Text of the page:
DATASHEET

ISL6296
SIGNS
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March 21, 2008
FN9201.2
FlexiHash™ For Battery Authentication
Features
The ISL6296 is a highly cost-effective fixed-secret hash
engine based on Intersil’s FlexiHash™ technology. The
device authentication is achieved through a
challenge-response scheme customized for low-cost
applications, where cloning via eavesdropping without
knowledge of the device’s secret code is not economically
viable. When used for its intended applications, the ISL6296
offers the same level of effectiveness as other significantly
more expensive high maintenance monetary-grade hash
algorithm and authentication schemes.
• Challenge-response based authentication scheme using
32-Bit challenge code and 8-Bit authentication code.
The ISL6296 has a wide operating voltage range, and is
suitable for direct powering from a 1-cell Li-Ion/Li-Poly or a
3-cell series NiMH battery pack. The ISL6296 can also be
powered by the XSD bus when the bus pull-up voltage is
3.3V or higher. The device connects directly to the cell
terminals of a battery pack, and includes on-chip voltage
regulation circuit, POR, and a non-crystal based oscillator for
bus timing reference.
• FlexiHash engine uses two sets of 32-Bit secrets for
authentication code generation.
Communication with the host is achieved through a
single-wire XSD interface - (a light-weight subset of Intersil’s
ISD bus interface). The XSD bus is compatible for use with
serial ports offered by all 8250 compatible UART’s or a single
GPIO (general purpose input and output) pin of a
microprocessor.
• Fast and flexible authentication process. Multi-pass
authentication can be used to achieve the highest security
level if necessary.
• 16x8 OTP ROM stores up to three sets of 32-Bit
host-selectable secrets with additional programmable
memory for storage of up to 48 bits of ID code and/or pack
information.
• Non-unique mapping of the secret key to an 8-Bit
authentication code maximizes hacking difficulty due to
need for exhaustive key search (superior to SHA-1).
• Supports 1-cell Li-ion/Li-Poly and 3-cell series NiMH
battery packs (2.6V ~ 4.8V operation), or powered by the
XSD bus.
• XSD single-wire host bus interface communicates with all
8250-compatible UART’s or a single GPIO. Supports CRC
on read data and transfer bit-rate up to 23kbps.
• True “Zero Power” Sleep mode - (automatically entered
after a bus inactivity time-out period)
A clone prevention solution utilizing the ISL6296 offers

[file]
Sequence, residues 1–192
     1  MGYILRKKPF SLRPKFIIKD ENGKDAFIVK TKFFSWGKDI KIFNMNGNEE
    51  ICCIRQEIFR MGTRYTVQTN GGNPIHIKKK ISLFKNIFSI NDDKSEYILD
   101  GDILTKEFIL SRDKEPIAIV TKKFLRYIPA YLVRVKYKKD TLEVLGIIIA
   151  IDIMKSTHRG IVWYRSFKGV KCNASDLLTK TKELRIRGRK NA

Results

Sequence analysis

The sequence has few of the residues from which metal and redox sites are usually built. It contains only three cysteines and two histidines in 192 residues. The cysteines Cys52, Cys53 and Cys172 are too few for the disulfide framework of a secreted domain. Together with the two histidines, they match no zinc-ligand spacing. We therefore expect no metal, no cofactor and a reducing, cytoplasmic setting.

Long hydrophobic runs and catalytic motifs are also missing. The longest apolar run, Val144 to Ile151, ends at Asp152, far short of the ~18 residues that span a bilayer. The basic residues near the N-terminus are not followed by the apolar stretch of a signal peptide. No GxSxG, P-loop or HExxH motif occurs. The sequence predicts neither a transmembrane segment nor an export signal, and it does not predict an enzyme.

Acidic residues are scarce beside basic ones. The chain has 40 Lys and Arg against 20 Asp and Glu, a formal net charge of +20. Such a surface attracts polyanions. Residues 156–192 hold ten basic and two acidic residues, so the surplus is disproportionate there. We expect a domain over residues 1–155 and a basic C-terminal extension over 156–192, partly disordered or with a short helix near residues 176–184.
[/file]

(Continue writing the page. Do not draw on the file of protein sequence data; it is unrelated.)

safety and revenue protection at the lowest cost and power,
and is suitable for protection against after-market
replacement for a wide variety of low-cost applications.
• 5 Ld SOT-23 and 8 Ld TDFN (2mmx3mm) packages
Pinouts
Applications
ISL6296
(5 LD SOT-23)
TOP VIEW
VSS 1
• -25°C to +85°C operating temperature range
• Pb-free available (RoHS compliant)
• Battery Pack Authentication
• Printer Cartridges
5 XSD
N/C 2
• Add-on Accessories
• Other Non-Monetary Authentication Applications
VDD 3
4 TIO
Related Literature
• Application Note AN1165 “ISL6296 Evaluation Kit”
• Application Note AN1166 “FlexiHash™ Engine Algorithm”
ISL6296
(8 LD 2X3 TDFN)
TOP VIEW
• Application Note AN1167 “Implementing XSD Host Using
a GPIO”
8 XSD
VSS 1
NC 2
7 NC
NC 3
6 NC
VDD 4
5 TIO
1
• Technical Brief TB363 “Guidelines for Handling and
Processing Moisture Sensitive Surface Mount Devices
(SMDs)
”
CAUTION: These devices are sensitive to electrostatic discharge; follow proper IC Handling Procedures.
1-888-INTERSIL or 1-888-468-3774 | Intersil (and design) is a registered trademark of Intersil Americas Inc.
Copyright © Intersil Americas Inc. 2005, 2007, 2008. All Rights Reserved.
FlexiHash is a trademark of Intersil Americas Inc. All other trademarks mentioned are the property of their respective owners.
ISL6296
Ordering Information
PART NUMBER
(Note 1)
TEMP.
RANGE
(°C)
PART
MARKING
-25 to +85
PACKAGE
Tape and Reel
5 Ld SOT-23 Tape and Reel (Pb-free)
PKG.
DWG. #
ISL6296DHZ-T
296Z
P5.064
ISL6296DRZ-T
96Z
-25 to +85
8 Ld 2x3 TDFN Tape and Reel (Pb-free)
L8.2x3A
ISL6296DH-T
296D
-25 to +85
5 Ld SOT-23 Tape and Reel
P5.064
ISL6296EVAL1
ISL6296 Evaluation Kit
* Please refer to TB347 for details on reel specifications.
NOTES:
1. These Intersil Pb-free plastic packaged products employ special Pb-free material sets; molding compounds/die attach materials and 100%